After Tom Webster was suspended from his duties due to a rift in team policies, the Jr. Red Wings promoted Maurice to head coach of the team in 1993-94. Peter DeBoer was hired by Maurice as his assistant. When the Windsor Spitfires, Maurice and DeBoer were close friends and colleagues. Maurice led the Jr. Red Wings to the best record in the Emms Division in his first season as head coach, going 42–20–4, winning the first round bye in the playoffs. Detroit would then defeat the Owen Sound Platters and Sault Ste. Marie Greyhounds will qualify for a spot in the OHL finals against the North Bay Centennials. The Centennials won the final game in overtime after defeating the Jr. Red Wings in a thrilling seven-game series.

The Jr. Red Wings boosted their record in 1994-95 by winning the Bumbacco Trophy for the first time. Detroit swept the London Knights, Peterborough Petes, and Sudbury Wolves in the J. Ross Robertson Cup final during the second season. Detroit defeated the Storm in six games, winning the title and earning a berth in the 1995 Memorial Cup. Detroit set a 2–1 record in the tournament's round-robin portion of the tournament, setting up a semi-final match against the Brandon Wheat Kings. The Jr. Red Wings defeated Brandon 2–1, winning a spot in the Memorial Cup Final against the host team, the Kamloops Blazers. The Blazers thrashed the Jr. Red Wings 8–2.

Maurice was hired as an assistant coach under Head Coach Paul Holmgren, who was recently purchased by Detroit Jr. Red Wings owner Peter Karmanos. The Whalers fired Holmgren and promoted Maurice to be the head coach after the Whalers struggled to a 5–6-1 record to begin the season. Maurice made history by becoming the second youngest coach in National Hockey League history, behind only Gary Green, who was 26 when he took over Washington Capitals in 1979.

On November 7, 1995, Maurice played his first game, the Whalers defeated the San Jose Sharks 7-3. Hartford went 29–33–8, losing to qualify for the 1996 playoffs under Maurice. The Whalers continued to fail in 1996-1997, going 32–39–11, scoring 75 points and finishing in tenth place in the Eastern Conference, two points out of the playoffs.

In 1997–98, the Whalers franchise was relocated to Raleigh, North Carolina, where they were renamed the Carolina Hurricanes; Maurice was retained as head coach of the club. The Hurricanes suffered in their first season after the move, finishing in last place in the Northeast Division and ninth in the Eastern Conference, but not in the playoffs. The Hurricanes made the transition to the newly established Southeast Division in 1998–99, earning 86 points, which was good enough for first place in the Division. Despite having the eighth-best record in the Conference, the Hurricanes were the third seed in the 1999 playoffs, kicking off a first-round match against the Boston Bruins. In six games, the Bruins defeated the Hurricanes.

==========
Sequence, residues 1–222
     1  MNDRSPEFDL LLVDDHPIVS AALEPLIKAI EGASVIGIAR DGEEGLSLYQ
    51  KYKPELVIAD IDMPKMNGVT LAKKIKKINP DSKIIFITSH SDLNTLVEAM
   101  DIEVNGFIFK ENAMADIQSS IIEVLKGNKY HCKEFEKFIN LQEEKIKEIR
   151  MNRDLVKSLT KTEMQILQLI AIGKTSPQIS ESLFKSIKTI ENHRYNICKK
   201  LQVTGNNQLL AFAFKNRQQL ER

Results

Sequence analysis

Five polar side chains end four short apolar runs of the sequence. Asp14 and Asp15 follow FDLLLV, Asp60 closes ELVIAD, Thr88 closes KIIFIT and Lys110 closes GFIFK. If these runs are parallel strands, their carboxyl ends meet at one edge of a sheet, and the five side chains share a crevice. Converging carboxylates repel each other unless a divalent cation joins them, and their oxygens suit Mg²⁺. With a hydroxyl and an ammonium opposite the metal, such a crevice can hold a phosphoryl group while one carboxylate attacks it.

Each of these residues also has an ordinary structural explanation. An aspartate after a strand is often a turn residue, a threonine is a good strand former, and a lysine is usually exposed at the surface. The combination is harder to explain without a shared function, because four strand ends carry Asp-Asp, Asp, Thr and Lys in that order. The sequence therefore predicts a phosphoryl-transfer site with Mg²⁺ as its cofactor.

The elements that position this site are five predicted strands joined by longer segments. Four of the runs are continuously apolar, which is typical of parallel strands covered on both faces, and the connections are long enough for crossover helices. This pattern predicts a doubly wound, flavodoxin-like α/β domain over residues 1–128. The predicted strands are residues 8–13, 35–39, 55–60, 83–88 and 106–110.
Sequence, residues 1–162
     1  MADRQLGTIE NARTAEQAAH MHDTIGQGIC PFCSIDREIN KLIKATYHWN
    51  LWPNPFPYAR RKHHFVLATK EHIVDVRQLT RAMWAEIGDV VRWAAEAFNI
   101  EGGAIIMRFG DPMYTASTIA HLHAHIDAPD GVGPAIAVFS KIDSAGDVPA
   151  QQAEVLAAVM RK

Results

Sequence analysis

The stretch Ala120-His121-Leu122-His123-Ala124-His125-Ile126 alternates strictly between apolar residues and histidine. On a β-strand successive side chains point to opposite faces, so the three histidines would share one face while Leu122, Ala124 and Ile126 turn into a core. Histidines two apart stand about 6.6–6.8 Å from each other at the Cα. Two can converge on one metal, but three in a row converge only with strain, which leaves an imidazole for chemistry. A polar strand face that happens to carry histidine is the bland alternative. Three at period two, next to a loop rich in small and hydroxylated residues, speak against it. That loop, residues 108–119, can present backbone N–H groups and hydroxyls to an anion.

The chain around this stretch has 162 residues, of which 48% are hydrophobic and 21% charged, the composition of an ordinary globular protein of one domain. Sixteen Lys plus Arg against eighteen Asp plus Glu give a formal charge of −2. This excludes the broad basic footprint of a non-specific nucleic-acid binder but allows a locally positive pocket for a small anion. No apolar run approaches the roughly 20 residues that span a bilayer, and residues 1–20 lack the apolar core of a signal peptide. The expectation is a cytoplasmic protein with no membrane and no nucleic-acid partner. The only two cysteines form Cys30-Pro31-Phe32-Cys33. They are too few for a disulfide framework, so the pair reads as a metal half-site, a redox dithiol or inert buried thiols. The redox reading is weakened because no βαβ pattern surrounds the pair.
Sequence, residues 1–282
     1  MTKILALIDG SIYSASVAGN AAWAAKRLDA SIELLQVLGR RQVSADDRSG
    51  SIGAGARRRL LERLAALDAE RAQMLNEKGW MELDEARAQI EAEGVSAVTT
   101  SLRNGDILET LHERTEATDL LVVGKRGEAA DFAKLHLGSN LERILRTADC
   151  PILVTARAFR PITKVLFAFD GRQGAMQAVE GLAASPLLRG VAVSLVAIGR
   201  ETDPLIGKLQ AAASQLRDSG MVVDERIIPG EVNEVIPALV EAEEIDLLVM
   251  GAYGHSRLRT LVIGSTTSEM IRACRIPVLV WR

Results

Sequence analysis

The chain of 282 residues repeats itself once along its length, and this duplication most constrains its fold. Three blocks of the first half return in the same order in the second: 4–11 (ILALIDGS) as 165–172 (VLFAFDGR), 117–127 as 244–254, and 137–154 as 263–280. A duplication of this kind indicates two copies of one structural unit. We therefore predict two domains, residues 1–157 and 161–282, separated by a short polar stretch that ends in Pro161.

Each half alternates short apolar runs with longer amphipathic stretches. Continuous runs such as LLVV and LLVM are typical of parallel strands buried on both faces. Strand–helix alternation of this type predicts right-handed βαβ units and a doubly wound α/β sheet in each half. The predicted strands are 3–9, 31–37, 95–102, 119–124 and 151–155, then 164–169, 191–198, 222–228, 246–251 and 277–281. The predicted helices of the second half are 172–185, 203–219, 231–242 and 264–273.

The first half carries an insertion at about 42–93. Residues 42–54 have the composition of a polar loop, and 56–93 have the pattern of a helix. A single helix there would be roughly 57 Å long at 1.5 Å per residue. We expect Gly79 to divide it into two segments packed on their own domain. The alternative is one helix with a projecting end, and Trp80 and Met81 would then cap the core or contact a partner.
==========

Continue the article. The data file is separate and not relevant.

In 1999-2000, Carolina saw their point total decrease to 84, finishing in ninth place in the Eastern Conference, but not in a tie for a playoff berth. In 2000-2001, the Hurricanes returned to the post-season, finishing eighth in the Eastern Conference with a 38–32–3 record and earning 88 points. The Hurricanes faced the heavily favored New Jersey Devils in the playoffs and lost the series in six games.

The Hurricanes lost their second division title in 2001–02, winning 91 points and advancing as the third seed in the East. The Hurricanes defeated the favoured New Jersey Devils in six games, followed by losses to the Montreal Canadiens and Toronto Maple Leafs, securing the Eastern Conference in the first round, putting them up for the final against the Detroit Red Wings. The Hurricanes were no match for the Red Wings in the finals, as Detroit defeated the Red Wings in five games.

The Hurricanes struggled in the 2002–03 season, ending with the lowest record in the league, going 22–43–6, losing only 61 points and well out of the playoffs. Carolina continued to fail at the start of the 2003–04 season, when the club had 30 games remaining. The Hurricanes fired Maurice on December 15, 2003, swapping him with Peter Laviolette.

Maurice was hired by the Toronto Maple Leafs to be the head coach of the Toronto Marlies' American Hockey League (AHL) affiliate, the Toronto Marlies, on June 24, 2005. The Marlies had just moved to Toronto from St. John's, Newfoundland, for the 2005–06 season. Maurice, a Marlies alum, led the team into the playoffs with a 41–29–6–4, winning 92 points and fourth place in the North Division. In the first round of the postseason, the Marlies were swept by the Grand Rapids Griffins. Maurice was promoted from the Marlies to head coach of the Maple Leafs on May 12, 2006.

After the Maple Leafs struggled to qualify for the playoffs in 2005–06 and fired Pat Quinn from his duties, Maurice took over as head coach of the Maple Leafs in the 2006–07 season. Maurice led the team to a 40-31–11 record for 91 points in his first season with the Leafs, but the Leafs finished ninth in the Eastern Conference, losing out by a single point on a playoff spot. In 2007,–08, Toronto fell to a 36–11 record, as the team once more failed to make the playoffs.